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After what was by many accounts a long string of disappointing performances, the Yale Repertory Theater’s new season opens with a comedy that is unfailingly funny and unexpectedly poignant. “The Clean House,” which enjoyed its world premier this week at the University Theatre, is a touching meditation on loneliness, love and (excuse the saccharine phrasing) the power of laughter.

Playwright Laura Ruhl, who is 30 years old, writes with the astute eye of a woman who’s seen it all, or at least a few marriages. It is difficult to fathom how the play’s intricate portrayal of adult relationships — and the repression, anger and love that are buried within them — came from the mind of such a young artist. Nearly every aspect of the play is buoyed by the constant energy of Ms. Ruhl’s script, recent winner of the prestigious Susan Smith Blackburn Prize.

The play’s first act focuses on three women: Lane (a doctor), Virginia (her sister), and Matilde, Lane’s newly-hired maid from Brazil. The play begins with a slightly awkward, though effective, prologue, in which the characters introduce themselves in monologues sprinkled with one-liners. Matilde, played zealously by Zilah Mendoza, treats the audience as a confidant, and quickly emerges as the play’s protagonist, a role that becomes less important as “House” progresses.

After the speeches, a curtain lifts to reveal the gorgeous set: Lane’s meticulously arranged living room, decorated with frighteningly sterile art-deco furniture. The stage is bathed in a blanket of white, against which Matilde, wearing all black — not to mention a green house plant (and later baskets of red apples) — stands out in violent beauty.

In heavily-accented English, Matilde explains that her mother died laughing of a joke her dad took a year to write, and so he took his own life too. This magic realism, straight out of Gabriel Garcia Marquez, allows the play to embrace its later tragedies with a light heart. Matilde’s all-black outfit can be seen as a symbol of the play’s undercurrent of death, which runs quietly beneath its comedic surface.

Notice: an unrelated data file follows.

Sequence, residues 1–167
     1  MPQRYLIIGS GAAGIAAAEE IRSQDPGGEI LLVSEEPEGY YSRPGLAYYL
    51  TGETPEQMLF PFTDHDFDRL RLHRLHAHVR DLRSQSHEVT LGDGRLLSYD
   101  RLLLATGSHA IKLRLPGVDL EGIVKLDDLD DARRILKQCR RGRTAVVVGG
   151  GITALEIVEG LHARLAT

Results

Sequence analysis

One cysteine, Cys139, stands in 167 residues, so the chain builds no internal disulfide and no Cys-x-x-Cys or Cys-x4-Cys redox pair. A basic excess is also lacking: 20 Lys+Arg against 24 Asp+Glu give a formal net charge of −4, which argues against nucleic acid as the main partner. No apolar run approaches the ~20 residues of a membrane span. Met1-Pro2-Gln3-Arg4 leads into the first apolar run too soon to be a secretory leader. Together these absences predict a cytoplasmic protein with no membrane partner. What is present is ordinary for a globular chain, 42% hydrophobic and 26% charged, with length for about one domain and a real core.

Matilde dislikes cleaning: instead of re-shining Lane’s metallic lampshade and vacuuming already clean carpets, she spends her days thinking of the perfect joke. Luckily for her, her boss’ sister Virginia is an aging, lonely housewife (what housewives aren’t?) with free time and a neurotic obsession with cleanliness. Her maxim, “If you don’t clean, how do you know if you’ve made any progress in life?” is the play’s tagline.

The rapport between Matilde and Virginia — especially compared to the cliched stiltedness of Lane’s relationships with the other characters — is one of the most tender aspects of the play, not to mention one of the most funny. When Virginia tells Matilde that she has no children, the young immigrant apologizes for having asked: “Don’t be sorry,” the older woman answers. “My husband is barren.”

Act I of “The Clean House” is short and sweet, as the person next to me said, but intensely rich. During intermission, women in the ladies’ room were talking about their own Spanish-speaking cleaning ladies — proof that the play’s supposed setting of “a metaphysical Connecticut” is more realistic than Ms. Ruhl might have imagined.

When the curtain rises on Act II, it is on a very different set. The stage is empty except for a surgeon and his patient, lying on a table. They too are dressed all in white, though drenched in a red light that softens as the surgery beings. In what I can only think to describe as a beautiful dance, the doctor falls into perfect love with his patient as he blissfully stitches her up. The scene has the warm grace of the ballets in Almod–var’s “Talk to Her.” Like two other similar moments in the play, the dance lifts “The Clean House” to a transcendence that might only be reached in the theater.

The integration of the surgeon and his lover into the plot of the play provides a twist that leads Act II, and the audience, in a unique direction. The play’s sense of humor, which was balanced delicately somewhere in between Jerry Seinfeld’s and Samuel Beckett’s, quickly takes a back seat to its dramatic intent.

The freefall from impeccable order to chaos that ensues mocks the precision with which Lane’s living room was kept so clean in Act I. But the pain thinly veiled by the room’s tidiness would be unbearable if it didn’t manifest itself at all, and it is how and when those manifestations occur that make “The Clean House” such an interesting comedy.

It doesn’t hurt that it is so damn funny, either.
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